A composite image of the Brewster Collection spice box with a panel-less door frame and brass pulls manipulated in Photoshop.

Humor can be hard to detect in furniture from this time and place. It is not the first characteristic attributed to members of the Religious Society of Friends – Quakers – during the first decades of the eighteenth century. But it’s not hard to imagine the original owners of the spice box enjoying watching and waiting for others to discover all may not be what it seems.

Lightening has struck twice. At least it has at Freeman’s in Philadelphia. Another object that can be attributed to the Bartram Family Joiner is scheduled to be sold in their auction American Furniture, Folk, and Decorative Arts, 15 November 2017. In December 2016, less than a year ago, Freeman’s sold a spice box attributed to this same anonymous shop, the first of that form to be recorded. Freeman’s now has the privilege of presenting a second previously unrecorded form from this shop, a chest of drawers. It is somewhat of a surprise that a chest of drawers from a shop that may have been an important competitor of John Head’s (Suffolk, England 1688-Philadelphia 1754) has not been seen before as it is a form that was a sought out by Head’s customers and is commonly present in contemporary household inventories. Without the benefit of a surviving account book for this shop, we have no insight into the type and number of objects it produced. There is not presently documentation as to where this shop was located or whether the principal joiner was an immigrant who received his training in Britain as John Head was, or had either been born or immigrated to America at an early age and received his training here. There has been speculation that James Bartram (October 6, 1701-August 5, 1771) made two objects attributed to this joiner, a dressing table, inlaid with the initials of his future wife, Elizabeth Maris (1704-April 23, 1771) and the date 1724, and an oval table, which is inlaid with both James and Elizabeth’s initials and the year of their marriage, 1725. But much is known and has been written about James Bartram, the younger brother of the famous botanist John Bartram (1699-1777) whose first wife, Mary Maris (about 1703-1727), was the sister of Elizabeth. To date there is no indication that James apprenticed with a joiner or pursued a trade other than farming, an occupation he, like his brother, prepared for. An attribution of these objects to James Bartram would beg the question who would he have apprenticed with during the years 1716-1723 and what would the objects from that shop look like? And how, a year after the end of his apprenticeship, he could have produced the most opulent object made in the Delaware River Valley that survives from the first quarter of the eighteenth century? The sophisticated joinery and inlay techniques and the imaginative and individual turning of this group of objects, which include the two Bartram family objects, oval (gate-leg) tables, square tables with and without drawers, a spice box, and now a chest of drawers, suggests that the master of the shop immigrated to Philadelphia fully trained, perhaps after also having spent time working as a journeyman in Britain after his apprenticeship. If this is the case, his career would have closely resembled John Head’s though for unknown reasons, fewer surviving objects can be attributed to this presently anonymous shop. There are numerous points of interest to be found during an examination of the chest of drawers that I have not covered here. It will be on view on the third story of Freeman’s through 5 o’clock Tuesday, November 14. While you’re there, you might imagine the spice box sold last December perched on top of the chest. I know I did.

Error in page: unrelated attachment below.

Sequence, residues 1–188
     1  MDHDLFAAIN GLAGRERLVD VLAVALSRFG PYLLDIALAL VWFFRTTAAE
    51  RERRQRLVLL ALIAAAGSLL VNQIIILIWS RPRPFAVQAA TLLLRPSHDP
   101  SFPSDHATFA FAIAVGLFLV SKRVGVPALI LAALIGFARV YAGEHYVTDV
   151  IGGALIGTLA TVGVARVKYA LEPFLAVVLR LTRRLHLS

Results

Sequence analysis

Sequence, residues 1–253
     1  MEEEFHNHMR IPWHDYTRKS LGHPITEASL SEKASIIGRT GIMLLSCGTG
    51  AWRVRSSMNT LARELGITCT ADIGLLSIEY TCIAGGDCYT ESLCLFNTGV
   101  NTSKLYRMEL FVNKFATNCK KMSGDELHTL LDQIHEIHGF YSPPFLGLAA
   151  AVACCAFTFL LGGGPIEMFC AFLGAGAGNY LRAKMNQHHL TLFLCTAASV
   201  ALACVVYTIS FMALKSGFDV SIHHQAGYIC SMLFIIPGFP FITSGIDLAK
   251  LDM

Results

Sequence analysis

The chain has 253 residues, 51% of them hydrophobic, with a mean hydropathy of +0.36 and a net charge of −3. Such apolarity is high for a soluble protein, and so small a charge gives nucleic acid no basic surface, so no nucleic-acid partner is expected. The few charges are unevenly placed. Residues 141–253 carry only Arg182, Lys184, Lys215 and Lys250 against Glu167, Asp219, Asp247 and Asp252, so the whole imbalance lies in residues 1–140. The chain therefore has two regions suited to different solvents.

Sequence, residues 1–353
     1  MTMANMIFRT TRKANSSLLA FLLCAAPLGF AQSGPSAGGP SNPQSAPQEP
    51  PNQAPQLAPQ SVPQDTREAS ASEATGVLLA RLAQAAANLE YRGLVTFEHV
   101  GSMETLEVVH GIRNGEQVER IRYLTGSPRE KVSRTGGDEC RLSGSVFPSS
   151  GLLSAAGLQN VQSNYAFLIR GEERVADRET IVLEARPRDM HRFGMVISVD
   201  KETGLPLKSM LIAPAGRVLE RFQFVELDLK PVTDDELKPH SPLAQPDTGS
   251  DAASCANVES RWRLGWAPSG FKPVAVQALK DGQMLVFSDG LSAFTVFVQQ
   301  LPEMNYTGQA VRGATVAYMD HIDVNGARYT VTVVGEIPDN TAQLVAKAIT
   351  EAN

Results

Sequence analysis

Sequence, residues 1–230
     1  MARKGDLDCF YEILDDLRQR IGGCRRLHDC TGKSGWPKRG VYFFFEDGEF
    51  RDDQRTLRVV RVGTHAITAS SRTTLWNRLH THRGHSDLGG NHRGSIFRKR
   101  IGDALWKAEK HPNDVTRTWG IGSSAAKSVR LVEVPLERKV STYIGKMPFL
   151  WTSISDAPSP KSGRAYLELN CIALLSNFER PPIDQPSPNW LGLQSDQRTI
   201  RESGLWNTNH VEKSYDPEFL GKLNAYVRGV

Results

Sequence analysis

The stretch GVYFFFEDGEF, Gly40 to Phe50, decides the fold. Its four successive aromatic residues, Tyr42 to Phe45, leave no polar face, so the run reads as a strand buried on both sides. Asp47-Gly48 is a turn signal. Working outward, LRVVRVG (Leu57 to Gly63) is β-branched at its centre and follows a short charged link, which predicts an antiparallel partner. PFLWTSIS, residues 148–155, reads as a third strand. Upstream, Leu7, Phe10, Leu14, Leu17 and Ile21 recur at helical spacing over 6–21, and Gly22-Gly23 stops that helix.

Chest of drawers. Made in the Delaware River Valley, c. 1725. Attributed to the Bartram Family Joiner. Black walnut, hard pine, Atlantic white cedar, yellow poplar, sweet-gum, iron.

The tops of the dovetailed backs and sides are mitered on all the drawers of objects attributed to this shop.

The two short drawers run on their bottom boards and the bottoms are fit to rabbets on the front, back and sides. Runners were later added to compensate for wear. Spring-locks prevented access to the two short drawers without unlocking the iron lock of the drawer below.

In this shop dovetails are routinely wedged.

The brass on the drawers is replaced. Evidence for original single drop pulls can be seen of the exterior and interior surfaces of the drawer fronts.

Various chalk shop marks, including numbers, squiggles and here, “X”‘s can be seen at the interior corners of the drawers.